Nov. 28, 2012 Researchers from North Carolina State University and the University of Oregon have found a way to exploit cloud-based Web browsers, using them to perform large-scale computing tasks anonymously. The finding has potential ramifications for the security of "cloud browser" services.
At issue are cloud browsers, which create a Web interface in the cloud so that computing is done there rather than on a user's machine. This is particularly useful for mobile devices, such as smartphones, which have limited computing power.The cloud-computing paradigm pools the computational power and storage of multiple computers, allowing shared resources for multiple users.
"Think of a cloud browser as being just like the browser on your desktop computer, but working entirely in the cloud and providing only the resulting image to your screen," says Dr. William Enck, an assistant professor of computer science at NC State and co-author of a paper describing the research.
Because these cloud browsers are designed to perform complex functions, the researchers wanted to see if they could be used to perform a series of large-scale computations that had nothing to do with browsing. Specifically, the researchers wanted to determine if they could perform those functions using the "MapReduce" technique developed by Google, which facilitates coordinated computation involving parallel efforts by multiple machines.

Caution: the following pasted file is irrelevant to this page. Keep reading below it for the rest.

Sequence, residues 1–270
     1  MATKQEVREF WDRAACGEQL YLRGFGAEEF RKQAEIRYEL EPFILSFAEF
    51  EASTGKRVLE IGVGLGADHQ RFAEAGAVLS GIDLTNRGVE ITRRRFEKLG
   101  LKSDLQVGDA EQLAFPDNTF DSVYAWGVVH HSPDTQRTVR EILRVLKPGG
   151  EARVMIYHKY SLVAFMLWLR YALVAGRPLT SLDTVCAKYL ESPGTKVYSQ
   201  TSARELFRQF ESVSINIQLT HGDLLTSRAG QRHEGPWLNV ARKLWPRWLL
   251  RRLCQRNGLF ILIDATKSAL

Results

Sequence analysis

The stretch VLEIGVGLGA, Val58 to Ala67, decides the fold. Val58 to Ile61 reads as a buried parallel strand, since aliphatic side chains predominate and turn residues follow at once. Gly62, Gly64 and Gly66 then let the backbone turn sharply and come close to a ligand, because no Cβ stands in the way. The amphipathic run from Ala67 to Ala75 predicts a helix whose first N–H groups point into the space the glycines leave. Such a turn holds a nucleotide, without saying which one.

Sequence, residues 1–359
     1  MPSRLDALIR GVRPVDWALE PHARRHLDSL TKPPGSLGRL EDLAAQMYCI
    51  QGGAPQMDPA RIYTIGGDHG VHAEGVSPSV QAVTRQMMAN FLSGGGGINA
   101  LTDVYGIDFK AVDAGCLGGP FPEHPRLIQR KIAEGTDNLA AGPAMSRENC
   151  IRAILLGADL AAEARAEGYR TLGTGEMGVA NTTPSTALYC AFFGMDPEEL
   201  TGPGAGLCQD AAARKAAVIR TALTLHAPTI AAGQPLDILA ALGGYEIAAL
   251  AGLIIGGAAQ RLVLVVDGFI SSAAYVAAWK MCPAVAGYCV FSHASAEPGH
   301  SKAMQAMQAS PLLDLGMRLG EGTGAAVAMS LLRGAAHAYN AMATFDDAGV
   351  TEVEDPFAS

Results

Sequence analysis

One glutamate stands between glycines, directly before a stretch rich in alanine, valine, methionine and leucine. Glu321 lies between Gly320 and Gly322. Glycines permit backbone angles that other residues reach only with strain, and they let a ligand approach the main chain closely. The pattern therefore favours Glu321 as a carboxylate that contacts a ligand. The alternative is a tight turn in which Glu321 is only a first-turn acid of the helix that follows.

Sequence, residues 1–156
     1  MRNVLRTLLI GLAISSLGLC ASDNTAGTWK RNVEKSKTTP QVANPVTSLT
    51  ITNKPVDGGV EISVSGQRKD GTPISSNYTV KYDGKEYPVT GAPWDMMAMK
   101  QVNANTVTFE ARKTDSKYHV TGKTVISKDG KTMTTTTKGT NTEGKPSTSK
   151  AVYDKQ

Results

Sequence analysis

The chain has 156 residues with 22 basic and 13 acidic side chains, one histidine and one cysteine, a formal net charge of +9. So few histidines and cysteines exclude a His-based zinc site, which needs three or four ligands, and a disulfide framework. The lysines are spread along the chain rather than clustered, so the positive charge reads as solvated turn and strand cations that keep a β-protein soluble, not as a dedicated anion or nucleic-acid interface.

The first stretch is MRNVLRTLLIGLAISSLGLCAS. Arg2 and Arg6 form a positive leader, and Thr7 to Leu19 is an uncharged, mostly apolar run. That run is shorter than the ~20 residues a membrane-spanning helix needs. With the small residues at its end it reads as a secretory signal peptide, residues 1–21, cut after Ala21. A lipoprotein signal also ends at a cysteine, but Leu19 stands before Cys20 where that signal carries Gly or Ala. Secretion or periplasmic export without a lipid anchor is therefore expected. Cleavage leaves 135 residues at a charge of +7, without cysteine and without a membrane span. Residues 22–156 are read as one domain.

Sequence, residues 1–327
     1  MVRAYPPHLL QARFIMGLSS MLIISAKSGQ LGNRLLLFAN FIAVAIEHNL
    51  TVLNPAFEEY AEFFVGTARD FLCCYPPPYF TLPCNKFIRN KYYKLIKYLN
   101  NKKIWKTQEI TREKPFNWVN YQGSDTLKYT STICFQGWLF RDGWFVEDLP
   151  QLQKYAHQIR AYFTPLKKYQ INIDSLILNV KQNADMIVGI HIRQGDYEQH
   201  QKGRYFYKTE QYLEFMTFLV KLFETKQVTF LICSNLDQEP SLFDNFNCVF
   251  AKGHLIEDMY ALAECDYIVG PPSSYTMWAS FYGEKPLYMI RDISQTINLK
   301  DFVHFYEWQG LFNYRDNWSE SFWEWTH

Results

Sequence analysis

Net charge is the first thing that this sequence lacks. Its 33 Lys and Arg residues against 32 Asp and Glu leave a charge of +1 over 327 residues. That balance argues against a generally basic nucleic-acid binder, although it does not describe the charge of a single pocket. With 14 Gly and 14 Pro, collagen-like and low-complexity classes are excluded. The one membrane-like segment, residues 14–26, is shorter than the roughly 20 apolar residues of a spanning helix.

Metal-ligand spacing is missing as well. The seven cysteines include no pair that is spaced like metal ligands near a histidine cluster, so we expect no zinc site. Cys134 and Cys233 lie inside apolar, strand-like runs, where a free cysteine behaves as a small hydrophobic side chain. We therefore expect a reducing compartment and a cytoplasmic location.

The research team knew that coordinating any new series of computations would entail passing large packets of data between different nodes, or cloud browsers. To address this challenge, researchers stored data packets on bit.ly and other URL-shortening sites, and then passed the resulting "links" between various nodes.
Using this technique, the researchers were able to perform standard computation functions using data packets that were 1, 10 and 100 megabytes in size. "It could have been much larger," Enck says, "but we did not want to be an undue burden on any of the free services we were using."
"We've shown that this can be done," Enck adds. "And one of the broader ramifications of this is that it could be done anonymously. For instance, a third party could easily abuse these systems, taking the free computational power and using it to crack passwords."
However, Enck says cloud browsers can protect themselves to some extent by requiring users to create accounts -- and then putting limits on how those accounts are used. This would make it easier to detect potential problems.
The paper, "Abusing Cloud-Based Browsers for Fun and Profit," will be presented Dec. 6 at the 2012 Annual Computer Security Applications Conference in Orlando, Fla. The paper was co-authored by Vasant Tendulkar and Ashwin Shashidharan, graduate students at NC State, and Joe Pletcher, Ryan Snyder and Dr. Kevin Butler, of the University of Oregon. The research was supported by the National Science Foundation and the U.S. Army Research Office.
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